Energy sector investment opportunities in Malawi

 Energy sector investment opportunities in Malawi

Energy sector investment opportunities in Malawi.

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Frequent power outrages and inadequate energy supply has wrung the Malawi’s social, economic and industrial development, leading to the Malawi Investment Trade Centre (MITC) to compile the country’s available bankable energy sector projects.

Energy consumption in the transport, agriculture, construction, mining, manufacturing and households sectors determine the country’s total gross domestic product (GDP), but rising energy and electricity demand, insufficient power generation capacity, increasing high oil import bills, and insufficient investments in alternative energy sources continues to derail the nation’s growth and development.

According to the National Statistical Office (NSO), overall electrification rate in Malawi is 10%, with 37% of these consisting of the urban population while only 2% of the rural population have access to electricity.

Per capita consumption, a key index of development, is only 290 kg of oil equivalent (kgoe) per person of primary energy compared to the averages of 563 kgoe for low income countries and the world average of 1820 kgoe. Similarly, according to the World Bank, the per capita consumption of electrical energy is still low, estimated at 93 kWh per year compared with 432 kWh and 2167 kWh per year for Sub-Saharan Africa and world averages, respectively.

Government says electricity demand has been growing at 6-8% per annum, a development which has severely strained the system leading to frequent blackouts, constrained industrial production and provision of socioeconomic services as well as determent of foreign investment.

Malawi depends on about 17 percent of the nation’s hydropower potential concentrated on the Shire River. The generated power represents 98 percent of total installed grid-connected electricity generation capacity of between 18 to 140 MW.

However, Malawi has a potential to generate 1670 MW with an average power generation of 15 000 GWh/year.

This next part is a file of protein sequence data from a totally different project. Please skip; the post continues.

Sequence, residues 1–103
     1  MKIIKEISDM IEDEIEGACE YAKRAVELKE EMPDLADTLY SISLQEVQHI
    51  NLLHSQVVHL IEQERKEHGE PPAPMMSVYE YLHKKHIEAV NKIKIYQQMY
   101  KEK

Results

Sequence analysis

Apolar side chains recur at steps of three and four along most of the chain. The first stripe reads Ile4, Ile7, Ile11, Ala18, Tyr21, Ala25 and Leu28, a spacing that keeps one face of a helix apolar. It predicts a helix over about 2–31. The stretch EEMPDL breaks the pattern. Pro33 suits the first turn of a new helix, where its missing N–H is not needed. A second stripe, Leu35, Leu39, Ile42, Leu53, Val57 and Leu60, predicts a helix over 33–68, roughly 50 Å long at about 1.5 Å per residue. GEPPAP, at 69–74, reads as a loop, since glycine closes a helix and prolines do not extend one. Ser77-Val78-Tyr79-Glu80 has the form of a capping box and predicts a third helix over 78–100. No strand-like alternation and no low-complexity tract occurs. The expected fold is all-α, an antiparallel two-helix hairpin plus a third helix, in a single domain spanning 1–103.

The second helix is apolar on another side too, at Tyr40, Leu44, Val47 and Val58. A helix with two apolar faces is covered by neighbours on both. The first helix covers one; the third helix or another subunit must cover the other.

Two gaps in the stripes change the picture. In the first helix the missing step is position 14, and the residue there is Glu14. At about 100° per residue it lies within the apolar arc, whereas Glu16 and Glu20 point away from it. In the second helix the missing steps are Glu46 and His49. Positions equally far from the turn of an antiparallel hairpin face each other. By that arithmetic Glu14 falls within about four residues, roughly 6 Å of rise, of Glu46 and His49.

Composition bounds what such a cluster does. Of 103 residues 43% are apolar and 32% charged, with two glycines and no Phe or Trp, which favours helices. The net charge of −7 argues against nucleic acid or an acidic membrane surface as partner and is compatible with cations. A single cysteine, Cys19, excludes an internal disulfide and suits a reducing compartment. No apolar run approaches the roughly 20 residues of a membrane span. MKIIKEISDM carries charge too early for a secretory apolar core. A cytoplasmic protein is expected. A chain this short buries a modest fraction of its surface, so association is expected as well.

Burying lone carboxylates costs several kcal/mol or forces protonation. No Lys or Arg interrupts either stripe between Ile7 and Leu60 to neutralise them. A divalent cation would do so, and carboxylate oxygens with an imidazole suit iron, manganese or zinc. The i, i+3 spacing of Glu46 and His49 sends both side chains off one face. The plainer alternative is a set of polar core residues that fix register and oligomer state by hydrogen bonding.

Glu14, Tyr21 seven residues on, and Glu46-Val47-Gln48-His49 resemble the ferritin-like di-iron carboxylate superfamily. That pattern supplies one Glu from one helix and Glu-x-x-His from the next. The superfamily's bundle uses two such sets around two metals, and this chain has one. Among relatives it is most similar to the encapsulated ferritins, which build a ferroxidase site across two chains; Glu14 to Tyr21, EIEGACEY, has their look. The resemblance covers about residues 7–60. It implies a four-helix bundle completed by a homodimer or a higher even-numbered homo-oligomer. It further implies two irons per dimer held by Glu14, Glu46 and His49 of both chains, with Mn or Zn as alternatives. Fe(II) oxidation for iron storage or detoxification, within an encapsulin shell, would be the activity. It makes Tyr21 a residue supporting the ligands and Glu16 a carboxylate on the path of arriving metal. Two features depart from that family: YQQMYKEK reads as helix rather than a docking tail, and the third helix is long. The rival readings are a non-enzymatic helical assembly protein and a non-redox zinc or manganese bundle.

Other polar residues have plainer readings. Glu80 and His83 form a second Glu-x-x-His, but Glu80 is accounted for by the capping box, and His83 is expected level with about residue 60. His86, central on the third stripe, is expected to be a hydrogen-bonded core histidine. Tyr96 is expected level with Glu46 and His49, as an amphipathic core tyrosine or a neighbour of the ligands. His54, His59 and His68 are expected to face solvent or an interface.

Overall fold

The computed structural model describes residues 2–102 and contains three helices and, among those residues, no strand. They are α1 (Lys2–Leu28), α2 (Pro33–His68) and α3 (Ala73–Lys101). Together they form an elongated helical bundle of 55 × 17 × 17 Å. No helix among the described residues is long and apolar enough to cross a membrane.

Meanwhile, apart from the 600 MW estimated hydro potential of the Shire River and exploitable small hydro potential of capacities of less than 10 MW each which could be used as off-grid or stand-alone-mini grid electrification projects, Malawi also has smaller rivers such as the Songwe, South Rukuru, Dwangwa and Bua with potential to generate a total of about 300-400 MW.

But, considering the increasing demand for energy and the available investment opportunities in both fossil fuel and renewable energy resources, it is only imperative that the country promotes a diverse energy mix.


There are only two known recoverable resource of uranium in Malawi. These are the estimated 63 000 tons at Kayelekera Mine in Karonga district and the yet to be quantified Illomba in Chitipa district. If used to generate electricity in conventional reactors, these reserves would produce 458.5 PJ of energy.

According to the Malawi Electricity Investment Plan, Malawi intends to install a nuclear power plant to cope with future energy demand, fluctuation of fossil fuel prices and climate change pressure.


Malawi has an estimated one billion metric tons of a bituminous type, with a high ash and low sulphur content coal found in 15 different locations across the country.

It is estimated that only about 100, 000 metric tons are produced for tobacco processing, textile and sugar production, and beer brewing as well as cements production.